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AUBURN | Auburn could soon join a list of communities across the nation that have implemented a sustainable public food garden.

Members of the Auburn City Council reviewed a proposal to use Lepak Park on Garrow Street as a permaculture park designed as a perennial food forest with educational opportunities.

With permaculture defined as an ethical, renewable means of environmental management, the park would feature a variety of perennial fruits, berries and nuts, such as apples, pears and apricots.

Designers came before the city council Thursday seeking permission to use Lepak Park. While a formal resolution will come before officials next week, the majority of council spoke highly of the plan.

Pending approval, developers said they plan to meet with residents to earn their consent, as well.

"I think we need to teach our children the pleasures of growing in the backyard and enjoying the fresh fruit, the trees and seeing how it's produced," said Councilor John Camardo.

The project was detailed Thursday by collaborators Peter Cramer and and Erin Humphrey, who are both certified permaculture designers. They explained how Lepak Park was chosen since it is presently one of the city's lesser used community spots.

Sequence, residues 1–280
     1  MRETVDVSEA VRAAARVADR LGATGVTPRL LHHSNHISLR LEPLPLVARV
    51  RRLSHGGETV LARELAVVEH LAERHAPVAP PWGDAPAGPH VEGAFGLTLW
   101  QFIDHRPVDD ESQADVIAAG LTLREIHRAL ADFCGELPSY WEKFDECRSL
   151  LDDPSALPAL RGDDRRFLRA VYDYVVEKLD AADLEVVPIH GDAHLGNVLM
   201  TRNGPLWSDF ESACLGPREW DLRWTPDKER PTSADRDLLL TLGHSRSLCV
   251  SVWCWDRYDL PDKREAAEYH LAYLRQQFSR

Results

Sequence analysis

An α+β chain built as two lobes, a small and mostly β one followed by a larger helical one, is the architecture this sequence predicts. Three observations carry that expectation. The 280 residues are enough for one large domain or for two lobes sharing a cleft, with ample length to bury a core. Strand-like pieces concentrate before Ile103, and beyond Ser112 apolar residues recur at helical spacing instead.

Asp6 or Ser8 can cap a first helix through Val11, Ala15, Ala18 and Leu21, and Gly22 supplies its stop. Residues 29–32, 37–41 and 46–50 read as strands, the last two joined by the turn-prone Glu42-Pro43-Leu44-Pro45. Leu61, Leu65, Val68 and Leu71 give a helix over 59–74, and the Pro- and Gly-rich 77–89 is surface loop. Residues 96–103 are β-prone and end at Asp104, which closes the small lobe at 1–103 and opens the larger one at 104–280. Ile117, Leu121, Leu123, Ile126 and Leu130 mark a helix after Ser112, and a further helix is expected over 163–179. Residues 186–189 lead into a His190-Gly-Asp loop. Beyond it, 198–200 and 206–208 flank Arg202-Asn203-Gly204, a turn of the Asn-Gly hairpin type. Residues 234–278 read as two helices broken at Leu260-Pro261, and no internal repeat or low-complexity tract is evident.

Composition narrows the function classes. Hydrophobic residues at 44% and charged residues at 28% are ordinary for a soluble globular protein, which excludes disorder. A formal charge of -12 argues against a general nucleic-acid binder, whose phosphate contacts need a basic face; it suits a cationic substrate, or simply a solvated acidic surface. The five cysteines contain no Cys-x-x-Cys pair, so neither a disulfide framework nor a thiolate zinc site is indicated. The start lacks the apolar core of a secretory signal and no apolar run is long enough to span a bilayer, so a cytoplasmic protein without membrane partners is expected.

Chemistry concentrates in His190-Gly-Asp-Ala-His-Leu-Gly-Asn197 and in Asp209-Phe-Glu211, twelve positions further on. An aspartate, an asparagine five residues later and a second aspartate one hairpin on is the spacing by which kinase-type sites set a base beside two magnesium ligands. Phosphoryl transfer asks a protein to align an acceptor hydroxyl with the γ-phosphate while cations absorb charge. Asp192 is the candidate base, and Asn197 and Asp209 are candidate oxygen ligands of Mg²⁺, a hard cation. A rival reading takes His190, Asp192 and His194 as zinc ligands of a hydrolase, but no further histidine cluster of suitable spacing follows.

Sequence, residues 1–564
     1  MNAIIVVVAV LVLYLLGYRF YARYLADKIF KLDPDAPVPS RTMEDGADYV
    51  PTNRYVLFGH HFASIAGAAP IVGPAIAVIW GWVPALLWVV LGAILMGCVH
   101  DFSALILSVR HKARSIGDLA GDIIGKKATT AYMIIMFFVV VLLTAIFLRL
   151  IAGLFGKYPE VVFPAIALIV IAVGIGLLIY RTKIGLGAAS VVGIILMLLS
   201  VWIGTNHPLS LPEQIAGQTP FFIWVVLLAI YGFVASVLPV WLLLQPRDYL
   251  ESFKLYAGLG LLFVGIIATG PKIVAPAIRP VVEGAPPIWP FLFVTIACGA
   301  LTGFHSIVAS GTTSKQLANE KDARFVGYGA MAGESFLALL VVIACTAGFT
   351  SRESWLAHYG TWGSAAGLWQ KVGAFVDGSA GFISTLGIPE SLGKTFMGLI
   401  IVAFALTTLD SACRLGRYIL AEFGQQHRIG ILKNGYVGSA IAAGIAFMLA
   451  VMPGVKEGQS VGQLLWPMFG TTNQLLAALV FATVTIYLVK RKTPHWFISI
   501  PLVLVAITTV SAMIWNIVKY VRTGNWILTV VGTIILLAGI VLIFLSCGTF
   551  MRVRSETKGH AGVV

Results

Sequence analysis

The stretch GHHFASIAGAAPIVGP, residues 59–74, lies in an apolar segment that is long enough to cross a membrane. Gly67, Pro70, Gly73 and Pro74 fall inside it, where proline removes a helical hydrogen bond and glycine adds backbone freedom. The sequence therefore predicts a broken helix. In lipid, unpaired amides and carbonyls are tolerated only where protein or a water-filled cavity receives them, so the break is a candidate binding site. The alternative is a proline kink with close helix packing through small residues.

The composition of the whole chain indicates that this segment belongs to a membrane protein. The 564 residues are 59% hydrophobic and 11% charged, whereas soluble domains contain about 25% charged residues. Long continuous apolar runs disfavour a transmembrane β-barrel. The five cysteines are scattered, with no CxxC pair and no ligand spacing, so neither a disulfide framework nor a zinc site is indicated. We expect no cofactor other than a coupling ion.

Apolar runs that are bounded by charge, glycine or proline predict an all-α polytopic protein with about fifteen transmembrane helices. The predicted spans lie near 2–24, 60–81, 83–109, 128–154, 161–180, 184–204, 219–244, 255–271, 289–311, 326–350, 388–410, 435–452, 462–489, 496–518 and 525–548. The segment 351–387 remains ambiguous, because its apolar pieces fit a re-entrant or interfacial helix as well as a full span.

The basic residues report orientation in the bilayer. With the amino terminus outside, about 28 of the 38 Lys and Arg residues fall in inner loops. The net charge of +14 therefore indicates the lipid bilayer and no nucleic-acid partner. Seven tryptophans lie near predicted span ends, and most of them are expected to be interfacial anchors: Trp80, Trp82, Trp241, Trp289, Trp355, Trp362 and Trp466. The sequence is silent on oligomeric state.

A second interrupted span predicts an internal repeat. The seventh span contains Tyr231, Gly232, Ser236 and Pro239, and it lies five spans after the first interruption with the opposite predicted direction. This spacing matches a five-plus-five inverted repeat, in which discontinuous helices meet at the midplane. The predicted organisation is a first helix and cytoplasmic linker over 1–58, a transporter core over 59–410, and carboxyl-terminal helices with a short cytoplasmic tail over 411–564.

"Hopefully if this first model is successful, we would like to expand upon it and use other underutilized spaces throughout the city to provide food to whomever feels they would like it," Humphrey said.

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Similar projects have been developed locally in Ithaca and Syracuse while larger-scale models include the Beacon Food Forest in Seattle and Greenbelt Food Forest in Maryland.

According to developers, the Auburn Beautification Commission would provide the majority of initial costs, including expenses for vegetables and planting materials.

A total estimated cost of roughly $3,700 does not account for mulch and compost, which the city is being asked to provide. Following that, however, the project proposal states this low-maintenance "edible forest garden" will be able to take care of itself over time.

Local nonprofits have been invited to help care for the Auburn Permaculture Park, while the pruning of the fruit trees would be handled by the educational facet of the proposal, Cramer said.

"It would have the resiliency of a forest where there's always something in abundance," he said.

Signage about the forest, Cramer explained, would detail each of the plants while workshops could be used to teach about fruit pruning. Councilor Peter Ruzicka encouraged developers to work with local schools in that regard.

"I think it's a very worthy project," he said. "I think the educational aspect in itself is (worth) more than the value of what I see as the upfront costs."

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Staff writer Greg Mason can be reached at (315) 282-2239 or greg.mason@lee.net. Follow him on Twitter @CitizenMason.

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